Iraqi heritage restoration, grassroot interventions and post-conflict recovery: reflections from Mosul

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The deliberate targeting and violent destruction of cultural heritage in Iraq’s ancient city of Mosul by the Islamic State (2014-17) has recently given way to the emergence of heritage initiatives aimed at restoring its urban character and reviving its cosmopolitan spirit. Such restoration projects invariably stir debates over timing, funding, local consultation, as well as their potential to contribute to post-war social cohesion and communal healing. This article argues that in post-conflict settings heritage restoration is always an ambivalent and contingent process, involving the selective use of emotive symbols by multiple actors to create new realities from past memories. Based on over 50 in depth interviews with a diverse section of Moslawi society and drawing on site observations from Mosul (2022-23), the article explores local perspectives and the ongoing dynamic negotiation of heritage restoration. Drawing on often-conflicting communal perceptions of large-scale internationally funded reconstruction projects, the article highlights the challenge of producing a unified and meaningful historical narrative. Additionally, the authors present some new reflections on less examined but locally championed Moslawi heritage sites – the souks, Qila’yat district and heritage homes. These civic spaces may offer greater opportunity for social recovery through economic development, cultural exchange and everyday co-existence.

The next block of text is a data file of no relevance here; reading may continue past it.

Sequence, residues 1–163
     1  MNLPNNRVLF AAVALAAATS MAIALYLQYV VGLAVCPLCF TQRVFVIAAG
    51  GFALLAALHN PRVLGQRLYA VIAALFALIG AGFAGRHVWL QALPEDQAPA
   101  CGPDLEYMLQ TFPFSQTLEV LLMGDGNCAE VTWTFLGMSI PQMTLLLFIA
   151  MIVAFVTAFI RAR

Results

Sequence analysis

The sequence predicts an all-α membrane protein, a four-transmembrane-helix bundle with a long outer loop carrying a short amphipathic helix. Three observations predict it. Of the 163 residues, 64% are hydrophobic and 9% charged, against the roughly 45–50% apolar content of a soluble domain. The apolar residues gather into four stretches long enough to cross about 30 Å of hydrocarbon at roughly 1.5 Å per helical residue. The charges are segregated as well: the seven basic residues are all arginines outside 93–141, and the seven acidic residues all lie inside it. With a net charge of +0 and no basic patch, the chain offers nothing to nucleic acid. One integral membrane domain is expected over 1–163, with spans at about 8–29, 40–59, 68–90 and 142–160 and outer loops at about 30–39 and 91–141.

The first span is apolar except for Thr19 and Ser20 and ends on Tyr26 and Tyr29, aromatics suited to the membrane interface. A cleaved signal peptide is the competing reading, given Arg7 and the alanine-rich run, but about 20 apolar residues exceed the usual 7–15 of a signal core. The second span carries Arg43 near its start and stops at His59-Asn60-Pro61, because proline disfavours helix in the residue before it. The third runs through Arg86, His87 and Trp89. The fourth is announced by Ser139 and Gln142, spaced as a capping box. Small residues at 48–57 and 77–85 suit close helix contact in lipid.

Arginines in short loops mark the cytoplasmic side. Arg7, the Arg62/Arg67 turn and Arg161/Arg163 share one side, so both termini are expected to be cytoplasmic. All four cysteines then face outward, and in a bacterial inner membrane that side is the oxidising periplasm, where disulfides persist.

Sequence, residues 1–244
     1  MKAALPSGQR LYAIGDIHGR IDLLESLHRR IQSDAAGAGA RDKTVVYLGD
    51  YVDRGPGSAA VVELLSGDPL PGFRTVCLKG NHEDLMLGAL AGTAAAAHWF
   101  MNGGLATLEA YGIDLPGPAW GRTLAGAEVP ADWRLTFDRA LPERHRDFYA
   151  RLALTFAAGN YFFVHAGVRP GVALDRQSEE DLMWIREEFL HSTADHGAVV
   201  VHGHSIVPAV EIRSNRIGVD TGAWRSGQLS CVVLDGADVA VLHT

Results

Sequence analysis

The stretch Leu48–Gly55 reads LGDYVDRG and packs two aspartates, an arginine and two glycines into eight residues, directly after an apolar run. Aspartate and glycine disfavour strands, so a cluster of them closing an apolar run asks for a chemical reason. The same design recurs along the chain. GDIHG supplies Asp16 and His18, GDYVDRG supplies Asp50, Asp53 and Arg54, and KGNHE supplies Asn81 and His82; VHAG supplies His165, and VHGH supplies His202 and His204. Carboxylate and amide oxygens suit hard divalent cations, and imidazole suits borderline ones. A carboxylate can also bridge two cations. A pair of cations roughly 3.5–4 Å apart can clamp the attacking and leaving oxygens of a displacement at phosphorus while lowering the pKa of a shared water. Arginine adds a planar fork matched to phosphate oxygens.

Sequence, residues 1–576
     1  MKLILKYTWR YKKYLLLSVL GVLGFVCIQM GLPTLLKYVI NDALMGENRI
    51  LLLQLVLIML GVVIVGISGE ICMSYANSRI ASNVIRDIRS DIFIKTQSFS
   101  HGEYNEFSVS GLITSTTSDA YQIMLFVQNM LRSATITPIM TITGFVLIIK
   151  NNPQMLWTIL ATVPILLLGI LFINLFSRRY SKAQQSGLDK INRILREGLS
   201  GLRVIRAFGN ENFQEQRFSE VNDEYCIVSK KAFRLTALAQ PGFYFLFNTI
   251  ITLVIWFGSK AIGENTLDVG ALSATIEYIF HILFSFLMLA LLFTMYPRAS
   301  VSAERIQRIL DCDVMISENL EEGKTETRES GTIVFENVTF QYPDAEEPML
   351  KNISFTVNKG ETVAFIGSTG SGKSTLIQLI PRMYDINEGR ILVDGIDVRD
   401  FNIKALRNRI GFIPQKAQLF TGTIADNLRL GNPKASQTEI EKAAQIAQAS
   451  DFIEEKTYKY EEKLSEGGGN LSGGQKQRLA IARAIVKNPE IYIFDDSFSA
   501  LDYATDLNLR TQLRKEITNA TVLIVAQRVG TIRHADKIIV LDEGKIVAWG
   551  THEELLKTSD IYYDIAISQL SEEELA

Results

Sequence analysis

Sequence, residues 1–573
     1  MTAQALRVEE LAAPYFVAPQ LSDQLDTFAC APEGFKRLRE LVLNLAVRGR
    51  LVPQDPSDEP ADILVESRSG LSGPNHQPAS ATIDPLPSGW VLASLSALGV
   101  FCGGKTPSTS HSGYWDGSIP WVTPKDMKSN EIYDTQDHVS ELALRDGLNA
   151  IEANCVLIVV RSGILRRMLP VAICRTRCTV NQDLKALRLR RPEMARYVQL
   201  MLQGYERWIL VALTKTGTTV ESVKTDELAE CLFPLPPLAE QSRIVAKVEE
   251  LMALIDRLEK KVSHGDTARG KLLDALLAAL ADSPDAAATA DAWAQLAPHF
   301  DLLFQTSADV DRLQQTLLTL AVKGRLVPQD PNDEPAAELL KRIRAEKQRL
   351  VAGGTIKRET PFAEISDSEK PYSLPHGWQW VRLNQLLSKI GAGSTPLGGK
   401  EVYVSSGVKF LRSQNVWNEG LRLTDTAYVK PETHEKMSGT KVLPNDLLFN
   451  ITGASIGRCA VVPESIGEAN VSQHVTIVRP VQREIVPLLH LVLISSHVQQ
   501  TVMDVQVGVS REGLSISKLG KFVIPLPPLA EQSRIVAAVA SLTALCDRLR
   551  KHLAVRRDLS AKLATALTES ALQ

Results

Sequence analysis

Original languageEnglish
Journaljournal of social archaeology
Publication statusPublished - 28 Dec 2023


  • Iraq
  • Mosul, peacebuilding, urbicide, memory, reconstruction, Iraq
  • heritage
  • reconstruction
  • Postconflict reintegration


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